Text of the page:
In our initial article, we introduced Surfing Stats, a Flex application providing a multi-view interface for examining Blog CFC statistics. (download the code using the download link at the bottom of the Intro to Surfing Stats post) As in all programming, code organization is important. For the Surfing Stats application, all source code is located in a src directory located off the project root. Our source files are a mixture of visual assets, css style sheets, MXML files and ActionScript files. In addition to type we also distinguish between purpose. This is the directory structure:
I have finished coding my application for my hands-on session at 360:Flex Atlanta. The goal of the session is to walk attendees through building a simple application. You may download the source code for Surfing Stats using the download link.
The Flex framework is very powerful and offers lots of powerful functionality. I had trouble limiting myself in scope. I only have 4 hours to teach so I want to make sure I leave the students with a functional and instructive application.
Without futher ado, I want to introduce Surfing Stats. This application consumes XML data from my BlogCFC installation at www.nodans.com and displays the data in table, bar chart and pie chart format. Each dataset is represented as a tab. Clicking on the tab enables the relevant display options.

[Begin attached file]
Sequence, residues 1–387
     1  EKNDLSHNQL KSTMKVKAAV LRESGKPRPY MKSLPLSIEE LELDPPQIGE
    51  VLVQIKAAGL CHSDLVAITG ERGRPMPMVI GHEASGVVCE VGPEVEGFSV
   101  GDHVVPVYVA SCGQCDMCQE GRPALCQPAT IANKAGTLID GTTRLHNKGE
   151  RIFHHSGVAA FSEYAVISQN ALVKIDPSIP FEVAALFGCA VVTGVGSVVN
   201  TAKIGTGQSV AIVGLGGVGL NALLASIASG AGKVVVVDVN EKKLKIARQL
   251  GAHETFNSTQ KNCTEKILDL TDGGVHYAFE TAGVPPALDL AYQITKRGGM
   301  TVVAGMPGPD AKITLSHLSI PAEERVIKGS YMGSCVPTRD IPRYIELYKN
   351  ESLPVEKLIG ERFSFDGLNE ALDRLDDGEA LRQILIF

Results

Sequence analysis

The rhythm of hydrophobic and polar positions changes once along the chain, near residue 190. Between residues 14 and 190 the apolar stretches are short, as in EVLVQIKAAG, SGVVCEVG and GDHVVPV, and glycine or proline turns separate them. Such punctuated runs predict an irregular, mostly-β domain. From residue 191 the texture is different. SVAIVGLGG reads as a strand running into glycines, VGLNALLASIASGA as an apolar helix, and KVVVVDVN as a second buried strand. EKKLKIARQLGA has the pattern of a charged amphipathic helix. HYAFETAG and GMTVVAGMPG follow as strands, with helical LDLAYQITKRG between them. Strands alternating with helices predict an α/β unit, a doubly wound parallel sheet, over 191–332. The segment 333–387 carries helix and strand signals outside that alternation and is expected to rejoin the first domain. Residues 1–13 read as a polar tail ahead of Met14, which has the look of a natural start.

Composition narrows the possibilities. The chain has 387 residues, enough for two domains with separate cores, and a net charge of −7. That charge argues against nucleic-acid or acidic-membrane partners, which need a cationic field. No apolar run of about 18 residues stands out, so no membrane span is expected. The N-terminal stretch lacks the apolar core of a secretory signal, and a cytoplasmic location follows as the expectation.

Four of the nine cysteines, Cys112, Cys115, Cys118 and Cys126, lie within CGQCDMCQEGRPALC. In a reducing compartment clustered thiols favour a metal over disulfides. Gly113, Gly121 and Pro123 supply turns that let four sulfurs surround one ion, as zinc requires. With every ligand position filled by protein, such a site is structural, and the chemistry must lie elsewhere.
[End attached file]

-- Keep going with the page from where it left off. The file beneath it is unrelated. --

In the next few weeks I'll wrap up the course materials of the session. I'll probably blog some to finalize my thinking on the session. I do not expect to trim any base functionality of Surfing Stats, though there are several fancy add-ons in the current version we will cover should the class progress at a quick pace.
As a reminder, 360:Flex Atlanta will be held February 25-27, 2008 in Atlanta, GA. If you would like to learn how to build an XML fed charting application with the Flex Platform, attend my hands on session.
Shannon Hicks, who is a wealth of Flex Knowledge, gave me the solution for this problem. Apparently, an earlier version of the Flash Debug player incorrectly assumed debugging mode.
The solution is to use an updated Flash Debug player. You can find a suitable version inside the installation for Flex Builder 3. Mine was located here:
C:\Program Files\Adobe\Flex Builder 3\Player\win
I am using Flex Builder 3 Beta 2 and it works. Later beta versions of Flex Builder include the correct version of Flash Player as well.
Thanks Shannon for helping me with this. It was DRIVING ME NUTS!
Where is the Debugger or Profiler running? Why, localhost, I presume.....
Recently I installed Flex Builder 3 on a new machine and experienced an error when running/debugging Flex applications. What would happen is:
- I run a Flex application
- A popup loads asking "Where is the debugger or profiler running?"
- I select localhost
- The popup briefly disappears
- The popup returns asking "Where is the debugger or profiler running?"
Another message that showed up is "A connection to the debugger or profiler could not be established by Adobe Flash Player 9"
Clicking the cancel button removed the popup and continued running the Flex application. The debugger was not working properly.